FIG. 2 is a side elevational view of the upper portion of the probe showing the handle and the electrical current isolator;

FIG. 3 is a sectional view taken on plane III--III of FIG. 2;

FIG. 4 is an end elevational view of the structure in FIG. 2;

FIG. 5 is a bottom elevational view of the structure in FIG. 4;

FIG. 6 is a sectional view of the structure in FIG. 2; and

FIG. 7 is a perspective view of a prior art probe.

DESCRIPTION OF THE PREFERRED EMBODIMENT

Referring now to the drawings, the novel tool is depicted there in the form of a probe 10 (FIG. 1). It has an elongated lower steel shaft 12 preferably formed of an alloy steel to be particularly strong, and has a threaded lower end onto which is threadably attached a penetrating element shown as a pointed tip 14 in conventional fashion. This tip is threadably removable so that, if damaged, it can be replaced. The upper end of steel shaft 12 preferably has male threads threadably engaged with isolator 18, preferably into a metal insert sleeve 16 (FIG. 6) embedded in the lower end of elongated isolator coupling 18. Sleeve 16 has female threads on its inner diameter and preferably has an polygonal shape, e.g., hexagonal as shown (FIG. 5). At the upper end of elongated isolator coupling 18 is an integral, ring-shaped sleeve 18' defining a generally cylindrical opening 20 therethrough. The axis of opening 20 is normal to the vertical axis of elongated isolator coupling 18. Isolator 18 is formed of an electrically insulating composite material reinforced by fibers, e.g., fiberglass or carbon filaments reinforcing polyurethane polymer, the fiber content preferably in an amount of about 40%. It is of enlarged diameter relative to the diameter of shaft 12, typically for example having a diameter of about one inch as compared to three-eighths inch diameter for shaft 12. A plurality of elongated indentations 20' in the outer periphery of isolator 18 are for strength and appearance.

Extending through cylindrical opening 20 of ring 18' is a transversely oriented handle 24. This handle is on an axis which is normal to the axis of isolator 18 and shaft 12. It has two outer ends straddling a central zone 24', the central zone being encompassed by isolator ring 18' which is molded thereto. The two handle ends are for manual gripping by the operator. In central zone 24', the handle has a radial recess 24a into which the composite polymeric material of isolator 18 is molded (FIG. 6). This locks the handle in place to prevent the handle from slipping relative to the isolator. Preferably handle 24 also is jacketed in conventional manner by a polymeric jacket as of polyvinylchloride to add further electrical insulation as well as comfort to the hands of the operator.

In use, the operator grasps the ends of handle 24 and manually pushes the pointed tip and steel shaft down into the ground to a depth up to the bottom end of the isolator, to probe for underground devices, while being protected from any electrical shorting which might occur with inadvertent penetration of an insulated electrical conductor by the probe tip. Tests by an independent testing laboratory have established protection from voltages even as high as 50,000 volts, whether the probe is dry or has been subjected to water soak conditions. Alternatively, if the penetrating element 14 is a conventional small helical auger bit rather than a pointed tip, the soil penetrating tool is rotated while being pushed down, to auger penetrate the bit and shaft 12 into the soil. The same protection is provided as explained above.

FIG. 7 illustrates a prior art probe which has a steel alloy shaft with a threaded lower tip and the upper end threaded into a handle jacketed by polyvinylchloride polymer.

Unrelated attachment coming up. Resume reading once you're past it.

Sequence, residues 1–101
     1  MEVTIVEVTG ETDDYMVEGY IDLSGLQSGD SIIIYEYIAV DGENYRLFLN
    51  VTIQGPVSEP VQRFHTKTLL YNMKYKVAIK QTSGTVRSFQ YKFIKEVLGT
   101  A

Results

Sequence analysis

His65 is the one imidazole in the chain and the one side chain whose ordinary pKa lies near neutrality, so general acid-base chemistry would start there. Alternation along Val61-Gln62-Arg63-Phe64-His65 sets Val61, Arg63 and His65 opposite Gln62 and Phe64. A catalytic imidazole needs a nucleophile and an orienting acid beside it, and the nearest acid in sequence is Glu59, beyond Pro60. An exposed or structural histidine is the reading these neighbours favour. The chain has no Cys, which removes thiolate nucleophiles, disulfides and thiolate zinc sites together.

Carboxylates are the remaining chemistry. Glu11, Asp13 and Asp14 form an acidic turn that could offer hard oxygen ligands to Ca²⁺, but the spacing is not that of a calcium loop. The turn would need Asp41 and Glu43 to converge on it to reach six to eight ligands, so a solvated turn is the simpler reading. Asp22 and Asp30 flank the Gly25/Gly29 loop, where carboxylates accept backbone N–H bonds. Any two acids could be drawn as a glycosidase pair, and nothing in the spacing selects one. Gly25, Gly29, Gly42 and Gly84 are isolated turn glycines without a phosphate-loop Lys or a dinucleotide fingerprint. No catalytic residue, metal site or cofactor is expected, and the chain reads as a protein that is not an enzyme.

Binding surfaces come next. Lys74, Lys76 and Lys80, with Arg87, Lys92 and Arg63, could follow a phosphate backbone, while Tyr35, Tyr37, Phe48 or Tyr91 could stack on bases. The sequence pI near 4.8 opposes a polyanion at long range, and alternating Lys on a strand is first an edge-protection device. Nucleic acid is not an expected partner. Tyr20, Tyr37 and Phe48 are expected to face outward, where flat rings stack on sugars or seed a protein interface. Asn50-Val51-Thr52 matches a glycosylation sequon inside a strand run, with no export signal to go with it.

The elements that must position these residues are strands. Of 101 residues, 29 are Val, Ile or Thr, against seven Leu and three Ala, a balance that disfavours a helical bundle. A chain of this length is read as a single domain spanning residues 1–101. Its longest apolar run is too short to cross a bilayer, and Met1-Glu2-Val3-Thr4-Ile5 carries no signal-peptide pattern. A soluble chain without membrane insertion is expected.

Conceivably minor variations may be made in the novel structure shown and described without departing from the invention described, and which is intended to be limited only by the scope of the appended claims and the reasonably equivalent structures to those defined therein.

Claims (6)

The embodiments of the invention in which an exclusive property or privilege is claimed are defined as follows:
1. A soil penetrating tool comprising an elongated steel shaft having a pointed lower end penetrating element and having a threaded upper end;
a transverse elongated handle having a rigid core and a polymeric, electrically insulative jacket around said core;
said handle having a pair of ends for manual gripping thereof, and a central zone;
an elongated isolator between said shaft upper end and said handle, said isolator being an electrically insulating, reinforced polymeric composite having an upper end ring portion encircling and molded to said handle at said central zone, and having a lower end threaded socket; and
said shaft upper end being threadably attached to said isolator lower end threaded socket.
2. A soil penetrating tool comprising:
a shaft having an upper end and a soil penetrating lower end element;
a transverse elongated handle having a pair of ends for manual gripping thereof, and a central zone; and
an isolator coupling between said shaft and said handle, said coupling being an electrically insulating element having an upper end secured to said handle central zone, and having a lower end secured to said shaft upper end.
3. The soil penetrating tool in claim 2 wherein said isolator coupling is of a reinforced composition and has a threaded socket at its said lower end, said shaft having a male threaded upper end threadably engaged in said threaded socket.
4. The soil penetrating tool in claim 2 wherein said threaded socket comprises a metal sleeve insert.
5. The soil penetrating tool in claim 2 wherein said isolator coupling upper end comprises an integral ring encircling said handle central zone.
6. The soil penetrating tool in claim 1 wherein said reinforced polymeric composite comprises fiber reinforced polyurethane polymer.
US08/392,096 1995-02-22 1995-02-22 Subsurface tool Expired - Lifetime US5487432A (en)

Priority Applications (1)

Application Number Priority Date Filing Date Title
US08/392,096 US5487432A (en) 1995-02-22 1995-02-22 Subsurface tool

Applications Claiming Priority (1)